News: Marines storm the beach, conduct simulated rescue
Story by Pfc. Joey Mendez
MARINE CORPS BASE CAMP LEJEUNE, N.C. - Marines and sailors with 3rd Battalion, 8th Marine Regiment, 2nd Marine Division, conducted an integrated training exercise with Marines from the 2nd Combat Engineer Battalion which began July 21 aboard the USS Wasp and ended July 24 in combat town, Camp Lejeune, N.C.
The amphibious operation was designed to test the amphibious capabilities of the units that took part in the training.
“Amphibious training like this should be done more considering the fact that the Marine Corps is amphibious. We have strayed away from that due to the war we are currently fighting,” said Cpl. Nathan D. Shaw, the 1st squad leader with Kilo Company, 3rd Bn., 8th Marines, and native of Louisville, Ky.
Marines lived aboard the USS WASP for three days before loading vehicles aboard landing craft air cushion (LCAC) vehicles. Humvees, 7-ton trucks, and M1 assault breacher vehicles were loaded on to the LCACs.
First to depart the ship were the Marines of 2nd CEB.
“We are assaulting the beach. When the LCAC pulls up, the ABVs come off,” said Lance Cpl. David R. Jones, a combat engineer with Mobile Assault Company, 2nd CEB and native of Cumming, Ga.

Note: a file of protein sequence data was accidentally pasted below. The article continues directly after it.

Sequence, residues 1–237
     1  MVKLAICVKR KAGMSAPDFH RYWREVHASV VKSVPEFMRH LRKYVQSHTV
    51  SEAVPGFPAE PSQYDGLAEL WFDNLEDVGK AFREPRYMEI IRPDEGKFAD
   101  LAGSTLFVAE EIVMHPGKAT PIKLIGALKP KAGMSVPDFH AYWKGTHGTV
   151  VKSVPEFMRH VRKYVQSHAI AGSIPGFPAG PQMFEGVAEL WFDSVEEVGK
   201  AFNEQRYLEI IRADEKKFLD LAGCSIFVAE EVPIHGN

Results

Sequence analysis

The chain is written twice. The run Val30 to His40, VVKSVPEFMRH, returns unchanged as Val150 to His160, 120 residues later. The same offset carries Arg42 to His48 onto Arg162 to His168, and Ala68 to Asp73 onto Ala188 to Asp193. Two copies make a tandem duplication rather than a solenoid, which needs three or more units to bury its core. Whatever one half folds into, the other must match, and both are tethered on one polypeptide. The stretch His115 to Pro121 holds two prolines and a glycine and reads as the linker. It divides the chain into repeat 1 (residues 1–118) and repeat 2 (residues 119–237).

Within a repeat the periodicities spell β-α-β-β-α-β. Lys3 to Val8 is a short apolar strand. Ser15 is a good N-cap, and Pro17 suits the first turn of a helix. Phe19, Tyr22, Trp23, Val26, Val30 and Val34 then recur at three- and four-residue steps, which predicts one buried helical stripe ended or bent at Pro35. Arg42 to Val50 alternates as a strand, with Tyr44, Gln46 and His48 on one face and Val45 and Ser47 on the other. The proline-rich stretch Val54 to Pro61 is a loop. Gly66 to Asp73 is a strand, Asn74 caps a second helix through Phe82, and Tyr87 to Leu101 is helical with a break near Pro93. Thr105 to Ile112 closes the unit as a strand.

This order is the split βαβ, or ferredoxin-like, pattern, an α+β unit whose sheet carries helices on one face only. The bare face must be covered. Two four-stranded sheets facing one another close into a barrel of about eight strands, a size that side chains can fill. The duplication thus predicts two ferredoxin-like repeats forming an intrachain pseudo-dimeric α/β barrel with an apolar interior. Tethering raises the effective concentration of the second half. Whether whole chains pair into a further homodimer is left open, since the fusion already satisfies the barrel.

An ABV is capable of clearing mine fields, filling in a tank ditch and plowing down mounds of dirt.
“With the ABVs, we will simulate clearing a mine field, filling in a tank ditch which will be a few meters deep and plowing down berms in order to pave the way to combat town for the infantry unit,” said Jones.
When the second wave of LCACs came ashore, the beach was ready for Kilo Co. to unload their humvees and 7-ton.
“CEB allowed us to make it to shore,” said 2nd Lt. Allen Dustin, a platoon commander for Kilo Co. and Cedar Rapids, Iowa native.
Kilo Co. quickly loaded the vehicles and started to move out to combat town.
The mission was to rescue two U.S. citizens and evacuate them to a U.S. Embassy.
“We are conducting non-combatant evacuation operations (NEO) in order to pick up two U.S. citizens,” said Shaw who was the vehicle commander. He was in charge of transporting the Marines tasked with setting up a watch position and patrolling on the west side of Combat Town.
The Marines were given the whereabouts of the two American citizens.
“The citizens were supposed to be in a church,” said Shaw. “The first building we entered was empty. So we had to improvise and search another building, and they were in there.”
With the two citizens rescued, the next objective was to successfully transport them to the U.S. Embassy.
The two citizens were transported in a convoy and reached the U.S. Embassy without any problems.
With the operation declared a success, Marines and sailors were pleased with the training.
“It allowed us to go back to our roots with amphibious landings,” said Dustin. “It is our history – a part of our tradition. To continue to stay sharp in this skill is crucial to our success.”